Last year someone on the Endor Mailing List suggested we discuss the poem “Beowulf”. Feeling at a loss for more interesting topics (I have actually enjoyed the poem since I was in the 4th grade), I agreed it might spur some lengthy debates and discussion.
After many months of being too ill, too busy, too distracted, too whatever to start the project, I finally launched it late last Summer. I think by then people on the list had come to understand that when I say I’ll do something, I take the Elven point of view. I have a few years to accomplish the most expeditious tasks.
We’re up to Section XX of the poem, now. Beowulf has just jumped into the mere to find the lair of Grendel’s mother and take revenge on her for taking revenge on Hrothgar’s men for killing Grendel.
It’s all so very sectarian, in a way. You have the humans on one side and the monsters on the other side, and they are just in a gleeful killing spree, each side knowing that its cause is just. Sound familiar? Yes, I immediately identified it with Homer’s “Iliad”, too.
I cannot imagine hearing the entire poem recited in one session. It is just way too long for even my Stoic patience. And I’ve been known to sit through four-hour movies without making that much needed run for relief, if you know what I mean.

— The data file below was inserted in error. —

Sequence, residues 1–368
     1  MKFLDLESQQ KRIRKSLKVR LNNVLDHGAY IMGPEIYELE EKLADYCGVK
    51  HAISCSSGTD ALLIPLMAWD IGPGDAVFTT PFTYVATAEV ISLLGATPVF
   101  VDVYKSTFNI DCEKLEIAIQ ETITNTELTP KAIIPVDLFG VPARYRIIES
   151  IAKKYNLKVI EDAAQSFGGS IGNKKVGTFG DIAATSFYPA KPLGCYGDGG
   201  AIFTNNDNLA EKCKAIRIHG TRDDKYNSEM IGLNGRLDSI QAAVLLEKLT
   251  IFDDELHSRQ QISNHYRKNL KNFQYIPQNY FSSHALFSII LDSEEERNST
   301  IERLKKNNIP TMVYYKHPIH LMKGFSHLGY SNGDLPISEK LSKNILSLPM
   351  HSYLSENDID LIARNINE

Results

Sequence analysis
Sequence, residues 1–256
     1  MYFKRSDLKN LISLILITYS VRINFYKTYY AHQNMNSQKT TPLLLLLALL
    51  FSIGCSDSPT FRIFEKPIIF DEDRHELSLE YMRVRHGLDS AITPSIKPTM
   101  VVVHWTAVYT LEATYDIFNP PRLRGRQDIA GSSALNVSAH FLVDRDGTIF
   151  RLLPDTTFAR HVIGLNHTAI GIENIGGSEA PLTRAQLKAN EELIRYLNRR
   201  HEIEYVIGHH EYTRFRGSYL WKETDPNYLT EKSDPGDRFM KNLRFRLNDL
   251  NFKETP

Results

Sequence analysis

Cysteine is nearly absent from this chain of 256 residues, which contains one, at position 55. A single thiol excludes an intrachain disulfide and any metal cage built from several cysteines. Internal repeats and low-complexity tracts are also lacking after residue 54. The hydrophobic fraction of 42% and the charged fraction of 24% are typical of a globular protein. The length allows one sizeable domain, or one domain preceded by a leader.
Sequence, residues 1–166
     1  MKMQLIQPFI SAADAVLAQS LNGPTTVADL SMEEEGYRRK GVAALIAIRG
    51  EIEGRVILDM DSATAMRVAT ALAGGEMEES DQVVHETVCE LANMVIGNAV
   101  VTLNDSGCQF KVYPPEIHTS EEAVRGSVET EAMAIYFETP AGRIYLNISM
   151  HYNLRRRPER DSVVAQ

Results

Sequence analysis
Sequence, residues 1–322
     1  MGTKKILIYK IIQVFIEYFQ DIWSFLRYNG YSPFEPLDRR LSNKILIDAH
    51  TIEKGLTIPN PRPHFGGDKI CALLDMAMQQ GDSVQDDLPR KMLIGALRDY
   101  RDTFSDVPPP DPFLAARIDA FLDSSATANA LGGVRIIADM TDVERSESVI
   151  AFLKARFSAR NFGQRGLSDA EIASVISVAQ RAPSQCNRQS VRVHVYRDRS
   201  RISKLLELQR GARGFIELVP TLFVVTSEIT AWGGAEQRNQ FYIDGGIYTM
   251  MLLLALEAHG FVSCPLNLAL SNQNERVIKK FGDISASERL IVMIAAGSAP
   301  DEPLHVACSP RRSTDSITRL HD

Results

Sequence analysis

“Beowulf”, it seems to me, would have been one of those classic community events. A scald comes to the village and declares, “I shall recite the tale of Beowulf for the lord and his lady. All are welcome to attend.”
Great feasting and celebration should have ensued. The ancient Germanic peoples loved their feasts (actually, I understand they still have an affinity for food — I know I do and I am part German through my mother’s father). Maybe the poem would have been recited only at special times of the year. Perhaps when a new lord took up the rule of his people. Perhaps after a great victory in battle. Perhaps when special holidays were celebrated.
So our Germanic lord and lady would open their hall to their village folk, and everyone would come settle in around a great fire — or maybe they set up a bonfire near the hall, and the villagers would gather outside and share food and gossip until the lord raised a toast to his honored guest, the Scald (also known as a Scop).
If people knew the story already, they would be packed with anticipation. I’m sure the boys would be running around, pretending to be Beowulf, fighting monsters, and generating all sorts of mayhem. The older boys and younger men would be predicting the great deeds they, too, hoped to do when fortune favored them with an opportunity. Maybe there would be talk of taking up arms against an ancestral enemy. Maybe there would be contests of skill and strength during the day.